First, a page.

Gateway Decorative Artists Chapter of the National Society of Decorative Painters is “leading the way” in preserving the old traditions of Tole and decorative painting but also is encouraging experimentation with evolving styles and new surfaces.  Decorative painting is defined by the Society as “a diverse art form that utilizes a variety of techniques and media to decorate functional and nonfunctional pieces.  “Our modern decorative art has its roots in the Old World styles of folk art painting such as Rosemaling, Bauernmalerei, Hindeloopen, and more recently Russian Zhostovo.

The tradition of Rosemaling folk art painting, which translates to rose painting, began in the southern provinces of Norway in the 17th Century and flourished into the 18th and 19th Centuries. Characterized by strokes shaped like Cs and Ss and stylized flowers, scrolls, and fantasy figures, Rosemaling reflected the rich imagination and cultural tradition of the people. Within Norway, several regional styles emerged such as Telemark which used heavy leafed scrolls and strong colors, and Rogaland which incorporated Dutch and German motifs and the dark background colors and detail of the Orient. Rosemaling was used to decorate household items such as trunks storing the family valuables. At Christmas time, the brightest, most beautiful pieces were used to serve food. After 1880, Rosemaling declined but interest in it was revived in the 1900s in Wisconsin by artists such as Vi Thode who soon gained a national reputation because of her precise style and method.

Bauernmalerei, which translated from the German means peasant painting, originated in the Alpine regions of Germany, Switzerland, and Austria and was used to decorate wood furniture. The colorful designs and painted flowers brought cheer to the people who had to live through long, dark winters. This folk art style went through various phases from stiff and stylized to the simplicity of the Biedemeier folk art that emerged in the early 1900s. Today, the enchanting designs of Bauernmalerei are preserved in the art of popular American folk artist, Scottie Foster.

In the late 17th Century, artisans in Hindeloopen, a small town in Northern Holland, began to color wood carvings and paint on furniture in a style characterized by toned intense colors, sophisticated stroke interpretations, and stylized flowers. During the 19th Century, the Country and its production of art pieces went into decline, but in the latter part of the century an exposition that included pieces of Hindeloopen lead to its rediscovery and subsequent revival. Hindeloopen painters have their own art guild but do not teach their art style, since it is their means of earning a living. They do pass it on to their sons but not to their daughters, since women painters are not recognized.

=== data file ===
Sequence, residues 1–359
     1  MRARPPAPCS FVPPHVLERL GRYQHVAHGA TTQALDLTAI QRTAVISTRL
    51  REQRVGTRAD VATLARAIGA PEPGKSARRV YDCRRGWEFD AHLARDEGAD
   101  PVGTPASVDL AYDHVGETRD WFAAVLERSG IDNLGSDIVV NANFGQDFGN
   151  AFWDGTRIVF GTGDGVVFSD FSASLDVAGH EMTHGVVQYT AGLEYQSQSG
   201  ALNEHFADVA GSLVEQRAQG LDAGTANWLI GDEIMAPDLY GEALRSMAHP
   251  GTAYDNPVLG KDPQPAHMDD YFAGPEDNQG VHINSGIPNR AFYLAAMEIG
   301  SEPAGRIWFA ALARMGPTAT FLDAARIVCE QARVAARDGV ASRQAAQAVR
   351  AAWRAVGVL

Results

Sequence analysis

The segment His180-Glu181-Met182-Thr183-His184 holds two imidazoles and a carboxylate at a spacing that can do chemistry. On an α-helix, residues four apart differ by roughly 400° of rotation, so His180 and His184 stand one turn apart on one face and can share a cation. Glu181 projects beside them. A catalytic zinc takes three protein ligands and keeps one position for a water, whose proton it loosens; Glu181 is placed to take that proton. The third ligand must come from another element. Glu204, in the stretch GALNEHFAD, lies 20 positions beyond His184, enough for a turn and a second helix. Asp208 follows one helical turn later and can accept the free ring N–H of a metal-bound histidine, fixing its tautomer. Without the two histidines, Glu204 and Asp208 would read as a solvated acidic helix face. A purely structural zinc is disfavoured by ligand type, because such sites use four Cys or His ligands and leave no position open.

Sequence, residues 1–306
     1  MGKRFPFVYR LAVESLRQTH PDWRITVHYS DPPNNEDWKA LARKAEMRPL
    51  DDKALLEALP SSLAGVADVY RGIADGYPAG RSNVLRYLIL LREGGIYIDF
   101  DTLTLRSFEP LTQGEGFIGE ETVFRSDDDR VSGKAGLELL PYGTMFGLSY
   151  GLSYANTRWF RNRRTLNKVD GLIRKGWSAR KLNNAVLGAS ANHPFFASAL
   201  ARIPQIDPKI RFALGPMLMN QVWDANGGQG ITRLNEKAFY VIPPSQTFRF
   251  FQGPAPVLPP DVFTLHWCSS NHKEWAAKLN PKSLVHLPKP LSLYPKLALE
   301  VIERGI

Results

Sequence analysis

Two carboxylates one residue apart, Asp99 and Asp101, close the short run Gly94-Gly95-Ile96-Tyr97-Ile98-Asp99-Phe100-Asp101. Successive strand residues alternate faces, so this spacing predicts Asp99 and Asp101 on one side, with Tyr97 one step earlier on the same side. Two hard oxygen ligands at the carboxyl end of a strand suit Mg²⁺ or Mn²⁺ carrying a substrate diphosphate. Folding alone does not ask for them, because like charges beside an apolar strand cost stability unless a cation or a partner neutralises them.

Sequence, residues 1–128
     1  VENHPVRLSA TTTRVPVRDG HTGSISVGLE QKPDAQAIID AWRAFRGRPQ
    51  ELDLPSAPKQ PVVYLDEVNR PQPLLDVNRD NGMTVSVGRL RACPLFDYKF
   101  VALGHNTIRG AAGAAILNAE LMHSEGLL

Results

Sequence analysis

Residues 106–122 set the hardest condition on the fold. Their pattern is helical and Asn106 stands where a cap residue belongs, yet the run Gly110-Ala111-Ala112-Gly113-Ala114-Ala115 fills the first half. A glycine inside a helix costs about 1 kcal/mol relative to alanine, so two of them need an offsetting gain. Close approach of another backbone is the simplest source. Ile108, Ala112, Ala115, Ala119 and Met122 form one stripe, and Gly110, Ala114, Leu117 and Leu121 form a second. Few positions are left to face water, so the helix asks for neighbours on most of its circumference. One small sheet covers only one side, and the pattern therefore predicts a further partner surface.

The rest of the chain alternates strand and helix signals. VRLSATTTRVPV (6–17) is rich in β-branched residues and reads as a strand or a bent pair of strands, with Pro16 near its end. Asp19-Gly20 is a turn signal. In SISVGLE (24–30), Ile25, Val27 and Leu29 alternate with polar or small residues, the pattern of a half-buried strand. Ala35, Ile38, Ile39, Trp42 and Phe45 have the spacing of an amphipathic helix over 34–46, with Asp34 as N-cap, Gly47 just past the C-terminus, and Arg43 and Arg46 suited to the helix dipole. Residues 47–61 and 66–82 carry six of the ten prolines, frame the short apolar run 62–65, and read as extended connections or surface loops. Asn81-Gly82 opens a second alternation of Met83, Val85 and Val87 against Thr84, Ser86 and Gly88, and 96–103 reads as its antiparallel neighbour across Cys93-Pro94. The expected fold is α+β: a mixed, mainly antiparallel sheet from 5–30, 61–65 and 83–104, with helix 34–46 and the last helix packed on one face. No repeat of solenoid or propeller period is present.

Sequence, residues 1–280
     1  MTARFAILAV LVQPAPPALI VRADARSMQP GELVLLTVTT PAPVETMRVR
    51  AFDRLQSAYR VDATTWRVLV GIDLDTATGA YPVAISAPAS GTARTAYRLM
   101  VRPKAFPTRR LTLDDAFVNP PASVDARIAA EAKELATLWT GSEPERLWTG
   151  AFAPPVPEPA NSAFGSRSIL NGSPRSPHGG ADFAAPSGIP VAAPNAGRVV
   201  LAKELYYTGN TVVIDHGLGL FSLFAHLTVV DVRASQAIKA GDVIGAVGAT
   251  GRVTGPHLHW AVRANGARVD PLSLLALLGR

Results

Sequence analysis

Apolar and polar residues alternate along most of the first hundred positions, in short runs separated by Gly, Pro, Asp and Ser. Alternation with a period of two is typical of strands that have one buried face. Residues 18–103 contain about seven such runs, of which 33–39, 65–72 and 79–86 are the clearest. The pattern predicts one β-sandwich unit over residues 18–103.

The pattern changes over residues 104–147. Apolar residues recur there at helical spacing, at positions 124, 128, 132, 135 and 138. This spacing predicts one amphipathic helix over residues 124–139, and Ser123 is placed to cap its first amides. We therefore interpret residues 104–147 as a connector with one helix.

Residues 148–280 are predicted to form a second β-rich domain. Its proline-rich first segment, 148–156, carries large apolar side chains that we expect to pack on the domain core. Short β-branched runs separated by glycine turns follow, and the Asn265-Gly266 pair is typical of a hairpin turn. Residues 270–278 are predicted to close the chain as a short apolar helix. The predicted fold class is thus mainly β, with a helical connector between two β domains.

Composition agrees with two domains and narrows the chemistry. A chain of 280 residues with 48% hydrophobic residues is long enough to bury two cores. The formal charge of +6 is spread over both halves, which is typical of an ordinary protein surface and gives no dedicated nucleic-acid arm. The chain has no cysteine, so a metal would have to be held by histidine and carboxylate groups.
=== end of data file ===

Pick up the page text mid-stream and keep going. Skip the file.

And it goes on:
Zhostovo Floral Painting
Zhostovo is a Russian style of floral painting that has been done for over 150 years in factories in the Village of Zhostova, just outside Moscow. It uses striking colors, strong contrasts, and intricate borders. The designs are conceived by master artists and painted by highly skilled artisans. This lovely art form has only been known to this country since the end of the Cold War. During the past decade, American decorative artists have traveled to Russia to visit the factories, and several Russian master artists have come here to teach their unique painting style.

American Folk Art
In the early 18th Century, tole painting was brought to this country by immigrants who settled mainly in New England, upstate New York, and Pennsylvania. Most were self-taught, using what they remembered from the old country and adopting it to the materials and needs of the New World. Despite their hard lives, these early pioneers found time to decorate the walls of their humble cabins with brightly painted designs. Some took their painted wares on the road to sell. Because the demand was high, they had to work fast to produce enough to load their carts, so that the designs were usually not unique but copied over and over again. In the mid 19th Century, traveling artists began to paint wall murals depicting American commerce, heroic war scenes, and patriotic symbols of the flag. The Pennsylvania Dutch developed a distinctive folk art characterized by simple, colorful designs which often including tulips, Biblical scenes, and symbolic motifs such as the "tree of life" which represented birth, death, and regeneration.

The highpoint of American folk art occurred between 1750 and 1850. It declined with the coming of the Industrial Revolution but was revived by antique dealers searching for original pieces in good condition which were almost impossible to find because of wear and tear. They, therefore, began restoring old pieces and painting new ones thus leading the way to the rebirth of folk art painting in America.

Decorative Painters
Today, decorative painting is so popular that there are shops and instructors in almost every community and thousands of “addicted” decorative painters.  Who are they and why do they paint?  They vary from highly talented teachers to down-to-earth homemakers but all share on characteristic in common.  They smile a lot.  Decorative painting has allowed them to rekindle that sense of creativity and unselfconscious spontaneity that everyone is born with, (just look at the delightful crayon creations of young children), but which most lose along the way.  Because it is so lose and creative, decorative painting is just plain fun.  Painters don’t agonize over creating a technically perfect piece but rather revel in the sheer delight of color, form, and compositions that break the rules with light coming from all directions, landscapes lacking perspective, people with comical features, and whatever pleases them.  There are no failures.  Painters do learn various styles and basic brush control techniques but in the process, their individual, unique styles emerge.  The painted pieces elicit smiles because they reflect a delight in life, nature, families and spiritual/religious feelings.